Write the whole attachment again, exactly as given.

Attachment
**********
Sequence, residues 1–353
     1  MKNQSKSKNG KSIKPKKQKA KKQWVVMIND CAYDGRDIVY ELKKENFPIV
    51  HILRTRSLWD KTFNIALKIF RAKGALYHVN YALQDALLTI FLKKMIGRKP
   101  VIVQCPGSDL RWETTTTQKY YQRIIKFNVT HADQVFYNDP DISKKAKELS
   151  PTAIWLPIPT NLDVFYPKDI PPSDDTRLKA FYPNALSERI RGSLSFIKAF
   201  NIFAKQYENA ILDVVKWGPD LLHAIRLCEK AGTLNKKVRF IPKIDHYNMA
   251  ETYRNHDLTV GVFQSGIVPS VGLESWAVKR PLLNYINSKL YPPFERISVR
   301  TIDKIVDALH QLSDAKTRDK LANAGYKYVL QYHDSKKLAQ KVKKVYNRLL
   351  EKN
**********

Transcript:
Sequence, residues 1–353
     1  MKNQSKSKNG KSIKPKKQKA KKQWVVMIND CAYDGRDIVY ELKKENFPIV
    51  HILRTRSLWD KTFNIALKIF RAKGALYHVN YALQDALLTI FLKKMIGRKP
   101  VIVQCPGSDL RWETTTTQKY YQRIIKFNVT HADQVFYNDP DISKKAKELS
   151  PTAIWLPIPT NLDVFYPKDI PPSDDTRLKA FYPNALSERI RGSLSFIKAF
   201  NIFAKQYENA ILDVVKWGPD LLHAIRLCEK AGTLNKKVRF IPKIDHYNMA
   251  ETYRNHDLTV GVFQSGIVPS VGLESWAVKR PLLNYINSKL YPPFERISVR
   301  TIDKIVDALH QLSDAKTRDK LANAGYKYVL QYHDSKKLAQ KVKKVYNRLL
   351  EKN